#SOPA and #PIPA: Separating the Real from the Rhetoric

Unbeknownst to most Americans, Washington has been waging copyright and intellectual property battles for years, many of which I witnessed while working for the Motion Picture Association of America (a SOPA and PIPA supporter) and, now, PRSA (a SOPA and PIPA opponent). Having seen the issue from both sides, I’m in a unique position to provide what has so far been missing from this debate: a balanced perspective.

RELATED: PRSA issues statement in opposition of SOPA and PIPA.

As you may have noticed, the one constant throughout the current debate over the Stop Online Piracy Act (SOPA) and the Protect IP Act (PIPA) has been hyperbole, with each side insisting a legislative defeat would be ruinous to the economy, innovation and American competitiveness. It reminds me of 1982, when former MPAA CEO Jack Valenti famously testified to Congress that, “The VCR is to the American film producer and the American public as the Boston strangler is to the woman home alone!”

But even as both sides have claimed victories in the battles that comprise the larger war, none of the predicted gloom and doom has come to pass. It’s business as usual for most, if not all, the major players involved.

The root cause of this war is a complex matter that confuses many, and bores most. At its core, the concept of copyright as codified in U.S. law is this: the creators of works are entitled to a limited period of time during which they have the exclusive right to use and profit from their work. (This same concept was expressed a bit differently by Samuel Johnson, who famously wrote, “No man but a blockhead ever wrote, except for money.”)

At the same time, it is generally understood that, at a certain point, public good results from works being released from their copyrights and that, in certain cases, “fair use” should allow for the use of copyrighted materials without the permission of copyright owners.

While these principles are generally agreed to by all, how they should be interpreted — especially as technology continues to evolve — has created endless wrangling and debate. In overly simplistic terms, copyright owners — many times large corporations that have invested hundreds of thousands, if not millions, of dollars developing their works — would like to see protection of their copyrighted assets extended forever. On the other side of the argument, companies who benefit from the use, hosting and sharing of copyrighted works prefer liberal use without permission (or at least that someone other than them be charged with enforcement, when copyright laws are broken).

The question of how best to stop illegal activities in an inter-connected, virtual world impacts our profession on multiple levels. Public relations professionals are both users of copyrighted material, and creators of copyrighted materials that we gleefully encourage others to share without permission in the hopes they go “viral.” Certainly, we rely on the very websites that SOPA and PIPA would shutter as critical channels to communicate with and engage key audiences. And, in any case, isn’t the very nature of public relations, as protected by the First Amendment, to promote the free flow of information into the marketplace of ideas?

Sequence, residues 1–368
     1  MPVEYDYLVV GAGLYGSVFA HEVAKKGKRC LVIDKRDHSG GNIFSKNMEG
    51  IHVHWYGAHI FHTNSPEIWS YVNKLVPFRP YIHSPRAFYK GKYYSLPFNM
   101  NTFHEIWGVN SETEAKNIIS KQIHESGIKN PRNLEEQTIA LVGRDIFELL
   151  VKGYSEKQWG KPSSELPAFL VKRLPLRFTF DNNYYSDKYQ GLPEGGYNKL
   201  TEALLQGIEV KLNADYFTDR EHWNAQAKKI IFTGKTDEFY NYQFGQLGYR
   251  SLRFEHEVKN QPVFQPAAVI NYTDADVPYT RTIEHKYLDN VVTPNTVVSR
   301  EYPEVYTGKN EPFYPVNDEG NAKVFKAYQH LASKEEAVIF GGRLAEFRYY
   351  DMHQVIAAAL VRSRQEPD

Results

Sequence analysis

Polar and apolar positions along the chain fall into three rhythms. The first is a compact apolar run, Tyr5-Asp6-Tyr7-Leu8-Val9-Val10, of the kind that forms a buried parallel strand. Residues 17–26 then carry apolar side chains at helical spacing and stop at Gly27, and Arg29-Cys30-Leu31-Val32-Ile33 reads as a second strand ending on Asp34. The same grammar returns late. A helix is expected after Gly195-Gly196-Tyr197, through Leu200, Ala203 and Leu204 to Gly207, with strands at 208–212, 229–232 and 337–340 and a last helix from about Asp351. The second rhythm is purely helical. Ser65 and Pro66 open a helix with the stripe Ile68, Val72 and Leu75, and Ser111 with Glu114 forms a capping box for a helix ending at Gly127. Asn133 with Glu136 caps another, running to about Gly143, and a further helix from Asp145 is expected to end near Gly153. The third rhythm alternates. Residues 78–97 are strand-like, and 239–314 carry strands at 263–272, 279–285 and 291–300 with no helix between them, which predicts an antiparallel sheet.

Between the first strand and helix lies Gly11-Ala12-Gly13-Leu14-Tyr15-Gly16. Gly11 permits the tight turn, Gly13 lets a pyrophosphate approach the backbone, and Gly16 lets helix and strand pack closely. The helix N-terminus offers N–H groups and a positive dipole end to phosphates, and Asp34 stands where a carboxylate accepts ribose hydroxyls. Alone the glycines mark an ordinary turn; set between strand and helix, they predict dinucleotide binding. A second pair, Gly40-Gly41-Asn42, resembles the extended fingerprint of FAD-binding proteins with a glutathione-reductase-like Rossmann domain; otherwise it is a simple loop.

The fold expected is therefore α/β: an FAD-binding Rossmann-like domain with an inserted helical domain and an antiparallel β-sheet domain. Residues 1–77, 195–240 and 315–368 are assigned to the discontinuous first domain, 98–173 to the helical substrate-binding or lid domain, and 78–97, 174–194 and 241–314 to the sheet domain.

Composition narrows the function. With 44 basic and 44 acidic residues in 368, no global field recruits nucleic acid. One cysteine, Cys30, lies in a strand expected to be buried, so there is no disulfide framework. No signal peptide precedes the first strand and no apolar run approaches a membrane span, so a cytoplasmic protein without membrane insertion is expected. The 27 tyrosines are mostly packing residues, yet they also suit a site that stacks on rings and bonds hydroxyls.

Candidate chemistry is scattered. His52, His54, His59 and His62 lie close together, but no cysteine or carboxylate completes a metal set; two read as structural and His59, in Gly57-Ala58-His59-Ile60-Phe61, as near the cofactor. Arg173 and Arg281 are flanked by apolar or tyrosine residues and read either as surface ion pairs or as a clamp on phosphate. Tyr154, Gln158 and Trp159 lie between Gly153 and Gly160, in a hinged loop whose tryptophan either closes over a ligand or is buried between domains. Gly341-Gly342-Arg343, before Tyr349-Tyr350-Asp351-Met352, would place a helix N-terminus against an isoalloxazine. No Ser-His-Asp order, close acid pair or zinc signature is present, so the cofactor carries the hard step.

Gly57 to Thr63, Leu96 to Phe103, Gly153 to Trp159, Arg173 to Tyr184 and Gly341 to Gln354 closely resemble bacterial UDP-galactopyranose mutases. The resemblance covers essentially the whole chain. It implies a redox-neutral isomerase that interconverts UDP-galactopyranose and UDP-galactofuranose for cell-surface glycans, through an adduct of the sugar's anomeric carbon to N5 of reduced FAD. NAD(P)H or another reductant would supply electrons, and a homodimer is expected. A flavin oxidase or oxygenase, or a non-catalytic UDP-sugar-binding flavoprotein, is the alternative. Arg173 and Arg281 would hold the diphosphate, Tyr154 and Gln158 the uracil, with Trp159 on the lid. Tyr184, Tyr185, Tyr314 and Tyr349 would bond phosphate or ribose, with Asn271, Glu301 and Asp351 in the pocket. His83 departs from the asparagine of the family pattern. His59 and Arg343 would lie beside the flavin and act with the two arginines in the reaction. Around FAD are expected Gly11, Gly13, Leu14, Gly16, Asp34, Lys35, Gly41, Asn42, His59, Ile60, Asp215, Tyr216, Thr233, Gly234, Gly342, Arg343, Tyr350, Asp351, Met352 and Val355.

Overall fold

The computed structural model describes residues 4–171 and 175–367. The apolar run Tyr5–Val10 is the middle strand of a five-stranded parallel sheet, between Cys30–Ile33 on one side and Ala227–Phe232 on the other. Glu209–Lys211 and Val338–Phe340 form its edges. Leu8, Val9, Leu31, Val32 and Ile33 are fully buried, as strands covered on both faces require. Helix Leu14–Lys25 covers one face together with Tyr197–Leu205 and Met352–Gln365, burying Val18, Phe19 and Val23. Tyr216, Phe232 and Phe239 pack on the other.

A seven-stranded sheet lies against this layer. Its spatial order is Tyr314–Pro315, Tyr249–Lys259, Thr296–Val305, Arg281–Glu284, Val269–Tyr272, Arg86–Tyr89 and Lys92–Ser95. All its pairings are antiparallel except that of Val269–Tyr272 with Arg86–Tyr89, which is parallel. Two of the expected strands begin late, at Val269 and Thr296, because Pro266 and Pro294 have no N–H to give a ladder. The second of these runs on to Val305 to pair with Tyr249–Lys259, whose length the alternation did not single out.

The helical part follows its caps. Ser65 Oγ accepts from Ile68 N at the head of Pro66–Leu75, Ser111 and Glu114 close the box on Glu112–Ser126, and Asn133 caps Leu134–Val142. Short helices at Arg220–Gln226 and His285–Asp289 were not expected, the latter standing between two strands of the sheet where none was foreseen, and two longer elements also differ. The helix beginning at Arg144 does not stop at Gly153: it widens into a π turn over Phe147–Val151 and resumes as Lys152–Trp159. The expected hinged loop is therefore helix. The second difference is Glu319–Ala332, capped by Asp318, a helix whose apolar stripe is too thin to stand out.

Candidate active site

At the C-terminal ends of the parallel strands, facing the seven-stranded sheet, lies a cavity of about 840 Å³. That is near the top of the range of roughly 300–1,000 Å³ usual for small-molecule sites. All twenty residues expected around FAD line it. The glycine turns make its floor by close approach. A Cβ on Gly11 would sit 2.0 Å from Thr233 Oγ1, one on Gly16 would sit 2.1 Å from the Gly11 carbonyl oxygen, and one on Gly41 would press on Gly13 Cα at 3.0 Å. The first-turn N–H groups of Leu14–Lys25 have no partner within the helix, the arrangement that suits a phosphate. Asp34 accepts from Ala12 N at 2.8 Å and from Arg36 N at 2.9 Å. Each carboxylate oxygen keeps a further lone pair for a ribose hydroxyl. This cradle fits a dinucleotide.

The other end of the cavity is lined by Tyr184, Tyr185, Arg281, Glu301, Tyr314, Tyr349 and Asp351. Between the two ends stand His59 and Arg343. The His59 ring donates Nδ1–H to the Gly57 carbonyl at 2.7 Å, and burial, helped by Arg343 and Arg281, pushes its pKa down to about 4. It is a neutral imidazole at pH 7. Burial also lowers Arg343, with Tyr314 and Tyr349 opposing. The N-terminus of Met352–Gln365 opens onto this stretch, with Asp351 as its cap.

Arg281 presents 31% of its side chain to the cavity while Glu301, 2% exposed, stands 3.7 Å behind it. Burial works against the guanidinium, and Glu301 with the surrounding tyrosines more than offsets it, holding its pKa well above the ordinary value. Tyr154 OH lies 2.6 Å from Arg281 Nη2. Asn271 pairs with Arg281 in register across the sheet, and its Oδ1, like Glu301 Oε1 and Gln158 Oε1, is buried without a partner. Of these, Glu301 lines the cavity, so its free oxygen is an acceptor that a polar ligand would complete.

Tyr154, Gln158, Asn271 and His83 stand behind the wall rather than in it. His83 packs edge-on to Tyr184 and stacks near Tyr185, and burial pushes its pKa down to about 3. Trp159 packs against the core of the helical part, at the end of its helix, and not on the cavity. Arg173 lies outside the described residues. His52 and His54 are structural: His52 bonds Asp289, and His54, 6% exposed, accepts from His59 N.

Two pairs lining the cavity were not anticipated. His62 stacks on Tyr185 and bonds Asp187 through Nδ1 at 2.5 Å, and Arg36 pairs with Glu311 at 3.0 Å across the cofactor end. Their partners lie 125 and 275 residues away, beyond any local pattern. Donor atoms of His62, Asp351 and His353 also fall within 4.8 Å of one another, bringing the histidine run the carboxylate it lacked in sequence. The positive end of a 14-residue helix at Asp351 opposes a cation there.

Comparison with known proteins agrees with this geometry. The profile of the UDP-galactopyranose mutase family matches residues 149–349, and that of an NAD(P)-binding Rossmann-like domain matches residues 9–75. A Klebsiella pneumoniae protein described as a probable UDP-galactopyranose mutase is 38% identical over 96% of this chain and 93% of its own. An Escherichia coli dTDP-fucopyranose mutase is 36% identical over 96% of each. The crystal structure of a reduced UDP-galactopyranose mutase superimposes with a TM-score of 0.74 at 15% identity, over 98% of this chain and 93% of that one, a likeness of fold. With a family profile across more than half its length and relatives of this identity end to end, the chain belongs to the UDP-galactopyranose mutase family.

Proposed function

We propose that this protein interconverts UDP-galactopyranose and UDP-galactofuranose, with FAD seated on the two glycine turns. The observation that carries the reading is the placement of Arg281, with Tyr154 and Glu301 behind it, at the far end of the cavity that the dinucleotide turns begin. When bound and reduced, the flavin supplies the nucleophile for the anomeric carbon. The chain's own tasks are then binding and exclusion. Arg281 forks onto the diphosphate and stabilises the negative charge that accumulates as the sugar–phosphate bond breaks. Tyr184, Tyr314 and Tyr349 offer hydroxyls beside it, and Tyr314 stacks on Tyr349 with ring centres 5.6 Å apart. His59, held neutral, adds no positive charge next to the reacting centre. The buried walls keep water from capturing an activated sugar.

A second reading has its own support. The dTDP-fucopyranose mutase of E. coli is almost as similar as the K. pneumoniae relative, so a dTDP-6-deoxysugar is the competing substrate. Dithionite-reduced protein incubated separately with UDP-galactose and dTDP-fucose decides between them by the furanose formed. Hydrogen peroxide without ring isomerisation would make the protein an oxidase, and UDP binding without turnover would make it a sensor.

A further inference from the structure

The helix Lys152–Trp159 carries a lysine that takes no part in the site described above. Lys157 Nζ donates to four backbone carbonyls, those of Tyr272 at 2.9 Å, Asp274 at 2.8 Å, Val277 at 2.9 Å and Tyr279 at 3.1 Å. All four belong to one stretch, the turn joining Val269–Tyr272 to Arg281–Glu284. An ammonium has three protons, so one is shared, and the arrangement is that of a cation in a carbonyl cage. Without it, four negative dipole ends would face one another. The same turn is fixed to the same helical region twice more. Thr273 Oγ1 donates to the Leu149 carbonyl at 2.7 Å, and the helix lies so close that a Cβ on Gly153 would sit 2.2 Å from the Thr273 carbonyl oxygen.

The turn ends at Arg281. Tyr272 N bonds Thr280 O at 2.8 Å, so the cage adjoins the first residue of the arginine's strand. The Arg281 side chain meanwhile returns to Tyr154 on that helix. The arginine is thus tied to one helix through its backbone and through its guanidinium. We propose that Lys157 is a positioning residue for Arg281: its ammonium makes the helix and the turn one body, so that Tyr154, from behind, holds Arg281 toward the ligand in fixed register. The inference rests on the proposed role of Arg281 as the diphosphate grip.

As creators, users and distributors of copyrighted material; as participants at the vanguard of social media; and as representatives and employees of companies and organizations that own (and would like to protect) intellectual property, there are an incredibly wide variety of interests across our profession. PRSA believes that these interests of all interested parties need to be balanced.

It is the opinion of PRSA that SOPA and PIPA as currently written overreach. As the President himself said via his personal Twitter account, “Protect intellectual property, but don’t threaten an open internet.” Indeed.

Consumers should have access to legitimate content. Copyright owners should have practical means of protecting their works that also consider and serve the public interest. And technology companies should be free from undue burdens.

We take today’s news that members of Congress wish to revise both bills as a hopeful sign of a renewed willingness to compromise in a way that balances the competing needs of all parties.

As the battles in this larger war continue, the representative interests in Washington should go back to the negotiating table and devise a solution that everyone can live with. They also would do well to tone down the hyperbole, the hysterics and the site blackouts, and instead enter into a reasoned and measured dialogue towards a solution. You know, do what public relations practitioners do every day: share different viewpoints to arrive at mutually beneficial solutions.

After all, movie companies have earned billions by creating a new business model based on the rental of “home entertainment” products like VCR tapes and DVDs, despite what Jack Valenti claimed.

If you’d like more balanced analysis of SOPA and PIPA, we highly recommend this article, painstakingly written by Chris Heald for Mashable.

William M. Murray, CAE, is PRSA’s president and chief operating officer.


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